How to Become a Window Installer: A Step-by-Step Guide

Window installers are responsible for installing pre-made windows into window apertures and door frames in residential and commercial structures. Some installers work on residential or small business structures, while others work on substantial commercial buildings. Window installers typically work for building or window manufacturing companies, where they can earn experience on some of the most common window types, including single-hung windows and sliding windows. Other companies that employ window installers include roofing companies and glass repair shops.

What Is a Window Installer?

A window installer is responsible for removing old windows in existing structures, preparing the installation area, installing new windows, and testing the new installations to ensure they are working correctly before leaving the site. The work environment can be very strenuous. The schedule varies. Some installers may work only part-time during the summer months when construction is slower, while others work year-round, especially in locations where winters are severe. Snow removal is needed from large buildings.

Should I Become a Window Installer?

The job outlook is expected to grow as fast as average, but the actual growth rate is unknown because the occupation is not regulated. They work long hours and may perform their tasks in inclement weather, which could be a benefit or a drawback depending on your perspective. It can be physically demanding. The repetitive nature of hanging windows could cause carpal tunnel syndrome.

Qualifications and Requirements:

  • GED certificate or high school diploma.
  • Successful completion of an apprenticeship.
  • A current driver’s license.
  • Carpentry abilities.
  • Knowledge of power tools.
  • Physical endurance and manual dexterity.
  • Flexible schedule.

Steps to Become a Window Installer:

There are several steps to becoming a window installer. Below are the steps listed in order:

1) Education:

There are no formal education requirements for this occupation, but most window installation companies hire those with a high school diploma or equivalent. A Top window installer should have excellent math and problem-solving skills and read blueprints and technical drawings. To acquire licensing in the U.S., workers must complete training at a Local 189 apprenticeship program.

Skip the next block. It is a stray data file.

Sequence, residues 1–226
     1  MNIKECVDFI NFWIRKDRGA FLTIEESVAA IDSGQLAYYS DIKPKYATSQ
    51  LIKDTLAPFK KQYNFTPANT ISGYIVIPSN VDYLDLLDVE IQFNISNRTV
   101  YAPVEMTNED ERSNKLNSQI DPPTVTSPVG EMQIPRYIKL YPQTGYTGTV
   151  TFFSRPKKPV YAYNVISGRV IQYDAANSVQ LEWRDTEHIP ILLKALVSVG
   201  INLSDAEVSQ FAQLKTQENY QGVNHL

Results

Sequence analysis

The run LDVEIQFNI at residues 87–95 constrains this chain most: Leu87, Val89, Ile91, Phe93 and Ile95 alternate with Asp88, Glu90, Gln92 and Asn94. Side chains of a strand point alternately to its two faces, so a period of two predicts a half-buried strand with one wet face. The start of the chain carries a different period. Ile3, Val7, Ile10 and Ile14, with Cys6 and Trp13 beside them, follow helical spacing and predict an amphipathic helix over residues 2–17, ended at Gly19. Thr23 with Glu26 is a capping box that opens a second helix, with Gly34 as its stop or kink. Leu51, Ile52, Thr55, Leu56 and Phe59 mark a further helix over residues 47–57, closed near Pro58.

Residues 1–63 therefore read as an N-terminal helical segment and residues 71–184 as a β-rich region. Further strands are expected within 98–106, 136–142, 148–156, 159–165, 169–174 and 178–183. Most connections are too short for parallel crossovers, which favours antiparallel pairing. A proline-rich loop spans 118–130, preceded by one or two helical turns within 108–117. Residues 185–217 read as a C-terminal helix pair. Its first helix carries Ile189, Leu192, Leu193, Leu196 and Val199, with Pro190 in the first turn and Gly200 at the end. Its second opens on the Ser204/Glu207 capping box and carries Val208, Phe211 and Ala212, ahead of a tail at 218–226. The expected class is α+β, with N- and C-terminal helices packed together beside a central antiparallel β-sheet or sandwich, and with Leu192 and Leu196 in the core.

2) Training/Apprenticeship:

There are no specific federal requirements for window installer training. Still, most window installation companies prefer to hire those with experience in the field or require their workers to complete an apprenticeship program that lasts up to four years. Many of these programs include classroom coursework as well as on-the-job training. Certification is available through the National Fenestration Rating Council (NFRC).

3) Licensing/Certification:

Carpenters who meet state and local requirements can receive a contractor’s license. Workers must pass an examination to become certified in the U.S., which requires completing an apprenticeship program and passing a test. Most states require a permit for those who want to perform contracting work on buildings of a specific size. The National Fenestration Rating Council (NFRC) offers certification.

4) Gain Work Experience:

Before entering an apprenticeship program, try to gain some experience by working as a helper in a reputed window and door installation company such as Delco Windows. A worker needs to gain practical knowledge of tools and equipment by working outside in different weather conditions.

Window installers can expect competition for jobs to be stiff, but the career offers many opportunities. After completing an apprenticeship program, workers may advance to supervisory positions or open their businesses. Some leave the occupation to pursue other interests after gaining enough experience in the field.

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